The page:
The Russian Federal Nuclear Energy Agency (Rosatom) has made a decision to build a 70MWe floating nuclear power plant. Construction could begin in 2006.
The mini-station will be located in the White Sea, off the coast of the town of Severodvinsk (in the Arkhangelsk region in northern Russia). It will be moored near the Sevmash complex, which is the main facility of the State Nuclear Shipbuilding Center.
The plant would be equipped with two KLT-40S reactors and would be able to meet all the requirements of Sevmash’s population of 200,000 for just 5-6¢/kWh. The plant would also be able to supply heat and desalinate seawater, but no plans to do so have yet been announced. If a similar plant were devoted entirely to desalinisation it would be capable of producing 240,000m3 of fresh water each day.
The units will be loaded with nuclear fuel once every three years and will have a lifespan of 40 years. Every 12 years the plant will be sent home and overhauled.
“If conditions are favourable, the floating plant could be operational in four to five years’ time,” said Yevgeny Kuzin who is general director of the public joint-stock company Malaya Energetika and leader of the project.
The main condition necessary for the project is said to be funding. The plant would cost about $200,000, and finding firms will to invest in such a longer-term project would not be easy.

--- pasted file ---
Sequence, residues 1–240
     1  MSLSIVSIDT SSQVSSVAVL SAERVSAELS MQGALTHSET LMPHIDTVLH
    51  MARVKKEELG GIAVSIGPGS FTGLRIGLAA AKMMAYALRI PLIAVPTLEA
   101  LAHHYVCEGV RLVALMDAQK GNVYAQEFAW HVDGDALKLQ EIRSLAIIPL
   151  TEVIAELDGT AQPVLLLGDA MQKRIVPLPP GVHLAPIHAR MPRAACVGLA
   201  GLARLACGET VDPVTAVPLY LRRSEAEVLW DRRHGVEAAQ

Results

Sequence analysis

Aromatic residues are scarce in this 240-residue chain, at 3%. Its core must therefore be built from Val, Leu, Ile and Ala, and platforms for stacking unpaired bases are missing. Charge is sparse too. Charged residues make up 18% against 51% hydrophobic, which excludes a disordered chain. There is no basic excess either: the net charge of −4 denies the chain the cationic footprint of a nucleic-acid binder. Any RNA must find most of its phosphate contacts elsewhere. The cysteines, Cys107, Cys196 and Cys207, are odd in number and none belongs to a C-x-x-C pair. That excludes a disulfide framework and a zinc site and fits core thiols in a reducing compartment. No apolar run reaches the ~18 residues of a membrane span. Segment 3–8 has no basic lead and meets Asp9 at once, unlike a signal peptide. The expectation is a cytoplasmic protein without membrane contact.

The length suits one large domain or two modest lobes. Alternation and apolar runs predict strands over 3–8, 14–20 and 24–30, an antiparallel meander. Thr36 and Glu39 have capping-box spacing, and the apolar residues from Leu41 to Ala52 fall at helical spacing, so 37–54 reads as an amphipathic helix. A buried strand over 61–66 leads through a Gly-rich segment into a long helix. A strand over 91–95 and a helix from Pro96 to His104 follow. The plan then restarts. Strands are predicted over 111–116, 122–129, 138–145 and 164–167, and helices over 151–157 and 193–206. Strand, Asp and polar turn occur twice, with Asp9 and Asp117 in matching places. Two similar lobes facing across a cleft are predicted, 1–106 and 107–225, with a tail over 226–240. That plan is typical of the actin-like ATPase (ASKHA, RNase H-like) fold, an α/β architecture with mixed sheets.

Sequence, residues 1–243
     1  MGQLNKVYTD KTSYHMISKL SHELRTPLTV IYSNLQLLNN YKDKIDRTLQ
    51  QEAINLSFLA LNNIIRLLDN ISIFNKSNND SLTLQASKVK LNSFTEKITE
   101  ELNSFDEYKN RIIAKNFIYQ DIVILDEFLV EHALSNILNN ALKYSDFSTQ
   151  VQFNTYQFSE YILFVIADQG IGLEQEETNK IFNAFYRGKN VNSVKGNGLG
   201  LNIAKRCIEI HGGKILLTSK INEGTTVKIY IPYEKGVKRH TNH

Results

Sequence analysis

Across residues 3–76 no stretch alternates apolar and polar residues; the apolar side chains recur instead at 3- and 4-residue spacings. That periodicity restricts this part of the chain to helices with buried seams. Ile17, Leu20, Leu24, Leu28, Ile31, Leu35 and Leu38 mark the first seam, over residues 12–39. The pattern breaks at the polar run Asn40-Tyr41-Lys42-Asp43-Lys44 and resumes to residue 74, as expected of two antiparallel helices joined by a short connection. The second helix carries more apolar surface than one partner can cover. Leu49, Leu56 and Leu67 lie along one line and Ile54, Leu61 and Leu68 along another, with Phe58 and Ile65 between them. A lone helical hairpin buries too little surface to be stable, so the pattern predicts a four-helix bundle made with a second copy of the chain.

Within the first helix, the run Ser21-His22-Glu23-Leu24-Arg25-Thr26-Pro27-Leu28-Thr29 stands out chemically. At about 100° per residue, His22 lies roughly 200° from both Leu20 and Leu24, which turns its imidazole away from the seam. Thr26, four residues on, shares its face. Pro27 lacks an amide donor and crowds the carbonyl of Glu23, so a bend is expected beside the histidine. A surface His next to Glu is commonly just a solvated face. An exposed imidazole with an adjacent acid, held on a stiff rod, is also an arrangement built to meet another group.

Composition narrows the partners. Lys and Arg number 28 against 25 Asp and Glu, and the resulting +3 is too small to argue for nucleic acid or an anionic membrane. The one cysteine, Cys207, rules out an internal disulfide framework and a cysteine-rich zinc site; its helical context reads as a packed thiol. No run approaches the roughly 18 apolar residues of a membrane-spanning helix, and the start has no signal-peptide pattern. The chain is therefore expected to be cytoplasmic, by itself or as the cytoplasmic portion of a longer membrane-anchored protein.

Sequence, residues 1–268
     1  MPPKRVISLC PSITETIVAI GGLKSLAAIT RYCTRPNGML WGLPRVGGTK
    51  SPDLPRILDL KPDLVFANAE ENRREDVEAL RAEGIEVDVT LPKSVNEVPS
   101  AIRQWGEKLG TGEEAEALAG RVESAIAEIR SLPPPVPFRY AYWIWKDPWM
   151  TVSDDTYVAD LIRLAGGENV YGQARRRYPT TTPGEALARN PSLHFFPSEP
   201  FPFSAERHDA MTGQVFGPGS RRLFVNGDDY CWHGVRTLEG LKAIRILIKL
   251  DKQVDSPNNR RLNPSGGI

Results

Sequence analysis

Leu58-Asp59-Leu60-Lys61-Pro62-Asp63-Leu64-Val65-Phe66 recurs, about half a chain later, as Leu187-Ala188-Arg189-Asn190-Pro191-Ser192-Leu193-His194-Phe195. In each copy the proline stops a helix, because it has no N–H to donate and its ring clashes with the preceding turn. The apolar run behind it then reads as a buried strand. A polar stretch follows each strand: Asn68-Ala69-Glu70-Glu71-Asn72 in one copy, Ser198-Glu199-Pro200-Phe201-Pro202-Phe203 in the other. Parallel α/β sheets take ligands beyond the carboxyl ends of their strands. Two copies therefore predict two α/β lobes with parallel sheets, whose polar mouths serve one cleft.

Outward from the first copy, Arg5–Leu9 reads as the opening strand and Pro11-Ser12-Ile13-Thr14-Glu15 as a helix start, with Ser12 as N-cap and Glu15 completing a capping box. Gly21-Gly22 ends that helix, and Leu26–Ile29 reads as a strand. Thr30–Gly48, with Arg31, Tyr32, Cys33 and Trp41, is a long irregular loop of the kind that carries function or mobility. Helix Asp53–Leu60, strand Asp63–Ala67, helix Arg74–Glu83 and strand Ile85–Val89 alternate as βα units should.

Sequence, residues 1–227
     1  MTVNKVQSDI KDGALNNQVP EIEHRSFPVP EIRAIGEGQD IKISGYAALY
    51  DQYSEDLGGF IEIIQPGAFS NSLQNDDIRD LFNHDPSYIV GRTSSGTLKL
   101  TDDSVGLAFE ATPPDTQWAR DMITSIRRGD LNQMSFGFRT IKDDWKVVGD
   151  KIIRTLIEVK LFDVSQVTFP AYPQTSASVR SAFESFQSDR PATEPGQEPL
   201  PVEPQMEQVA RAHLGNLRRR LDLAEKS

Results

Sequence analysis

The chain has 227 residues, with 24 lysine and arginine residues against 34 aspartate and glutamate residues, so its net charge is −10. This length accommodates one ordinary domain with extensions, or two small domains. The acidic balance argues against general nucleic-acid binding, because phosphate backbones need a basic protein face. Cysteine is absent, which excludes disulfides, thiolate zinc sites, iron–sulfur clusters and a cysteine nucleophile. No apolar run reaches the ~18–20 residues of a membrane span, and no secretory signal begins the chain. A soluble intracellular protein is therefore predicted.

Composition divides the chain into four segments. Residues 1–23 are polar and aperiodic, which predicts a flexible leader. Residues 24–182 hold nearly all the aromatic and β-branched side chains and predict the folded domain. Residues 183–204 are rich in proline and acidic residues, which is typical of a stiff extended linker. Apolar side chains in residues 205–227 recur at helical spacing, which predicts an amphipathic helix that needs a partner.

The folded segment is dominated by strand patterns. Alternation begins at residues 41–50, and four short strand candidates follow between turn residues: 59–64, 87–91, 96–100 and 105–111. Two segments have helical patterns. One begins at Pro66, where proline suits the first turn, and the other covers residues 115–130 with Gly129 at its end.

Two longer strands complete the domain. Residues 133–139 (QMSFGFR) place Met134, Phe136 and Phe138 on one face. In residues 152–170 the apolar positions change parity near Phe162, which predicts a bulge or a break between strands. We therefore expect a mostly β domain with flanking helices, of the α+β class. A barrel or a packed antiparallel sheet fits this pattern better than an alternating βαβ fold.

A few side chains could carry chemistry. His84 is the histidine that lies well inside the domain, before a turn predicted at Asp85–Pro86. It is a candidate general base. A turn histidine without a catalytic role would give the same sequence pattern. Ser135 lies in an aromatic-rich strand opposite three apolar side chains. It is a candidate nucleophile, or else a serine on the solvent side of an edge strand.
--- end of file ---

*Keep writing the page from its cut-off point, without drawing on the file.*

This first-of-a-kind plant off the coast of Severodvinsk will therefore aid sales to potential customers like Indonesia, Malaysia, and China, which have all expressed interest.
The power unit, which would be housed on a 20,000t, 175m-long Chinese-built barge would be positioned near to on-shore support infrastructure housing transformers, pumps and heat supply units
The technological principles underlying the project have been proven during the 30 years that Russia’s civilian nuclear-powered ice-breaking fleet has operated on the Northern Sea Route. Kuzin says these vessels have shown themselves to be highly reliable and that they do not have any kind of radioactive impact on the environment. “When the plant is decommissioned and pulled out, it leaves absolutely no pollution,” he said.
On future exports, Kuzin said: “Russia will only sell its products – electric power, heat and fresh water. This means that there is no cause for concern with respect to the proliferation of nuclear technologies. A floating plant under the Russian flag would be taken up to the coasts of states that had signed the necessary agreements. It would drop anchor in a convenient place that was protected from potential natural disasters and contact local engineering services on the shore.”